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Millions of Seniors Face Higher Medicare Premiums in 2016

Close up to a happy senior couple relaxing together in their local park

Because of what some call a flaw in the law that punishes wealthier Social Security beneficiaries, millions of seniors could be affected. To be more specific, nearly one third of approximately 50 million elderly Americans who are dependent on Medicare for affordable health insurance could face a significant rise of their premiums in 2016.

Any time the Social Security Administration fails to boost the annual cost of living adjustment, the potential exists for elderly Medicare subscribers to encounter the threat of an eventual increase, which in this case could turn out to be a jump of 52 percent or more next year.

And, unless Congress or Health and Human Services Secretary Sylvia Mathews Burwell do something to prevent it, an estimated 15 million seniors, first-time beneficiaries or those currently claiming dual Medicare and Medicaid coverage stand the possibility of seeing their premiums leap from $104.90 per month to $159.30 for individuals. The analysis takes it a step further with the prediction that higher-income couples would pay multiples of that increase, according to the Center for Retirement Research at Boston.

The growing premium problem associated with Medicare Part B – the premium-based government health insurance program that covers seniors’ doctor visits and other health care providers, as well as out-patient care and durable medical equipment, has not been properly addressed. Reason being – Congress has been concentrating largely on the looming shortfalls in the Social Security Disability Insurance program to give it the attention required to avert the increase in premiums.

On a less negative note – a spokesperson for the Centers on Medicare and Medicaid Services confirmed that – while a premium hike is in the works – about 70 percent of Medicare beneficiaries are not expected to see a premium increase in 2016. However, the news isn’t quite as positive for the remaining 30 percent of beneficiaries who will likely pay a higher premium based on the projection, if the increase is implemented as expected.

Up until now, the proposed rate hike has received relatively little public attention. Therefore, it could catch the bulk of affected seniors somewhat by surprise. According to the Center for Retirement Research study, it could result in a “complicated interaction” between Medicare premiums, which are typically automatically deducted from Social Security benefits, and the rest of Social Security funds that are used for retirement and other non-health care related expenditures.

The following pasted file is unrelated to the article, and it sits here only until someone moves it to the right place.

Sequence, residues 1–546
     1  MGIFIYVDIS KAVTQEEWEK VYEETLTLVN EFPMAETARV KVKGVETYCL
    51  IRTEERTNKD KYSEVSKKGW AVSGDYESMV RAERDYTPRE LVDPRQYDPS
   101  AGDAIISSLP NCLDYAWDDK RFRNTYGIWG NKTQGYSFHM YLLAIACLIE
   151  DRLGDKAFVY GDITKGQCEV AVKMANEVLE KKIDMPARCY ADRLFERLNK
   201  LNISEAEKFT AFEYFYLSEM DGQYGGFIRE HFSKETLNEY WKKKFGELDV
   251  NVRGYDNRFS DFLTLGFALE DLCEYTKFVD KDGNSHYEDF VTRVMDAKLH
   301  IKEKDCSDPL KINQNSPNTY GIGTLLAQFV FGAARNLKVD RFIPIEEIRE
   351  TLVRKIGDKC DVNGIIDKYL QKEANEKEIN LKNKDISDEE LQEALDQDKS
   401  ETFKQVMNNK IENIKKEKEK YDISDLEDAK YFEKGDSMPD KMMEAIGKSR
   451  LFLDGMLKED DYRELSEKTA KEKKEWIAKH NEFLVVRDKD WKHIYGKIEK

While proponents of the premium rate hike point out this is only the third time since the automatic cost of living adjustments started in 1975 that Social Security will not increase the cost of living benefit next year. But, simply because the Consumer Price Index used by the government has remained relatively flat – it is of little comfort to seniors who will be directly affected by the increase.

Still, the fact remains that Secretary of HHS Sylvia Mathews Burwell does have some level of authority and discretion as to what the Part B premium will be set at. So, the remote possibility exists that the increase may not be as steep as trustees are projecting.

Just the same, seniors may want to brace themselves should their new premiums give them sticker shock.

Whether it’s Medicare coverage, Medi-Cal or other low-cost health insurance, the Affordable Care Act, also known as Obamacare, mandates you have some form of coverage or you’ll be subject to a penalty for not having health insurance. With open enrollment approaching, why not plan ahead by getting California health insurance quotes today?

Are you going to be affected by the looming Medicare premium increase? How do you feel about it? Feel free to share your thoughts in the comments section below.

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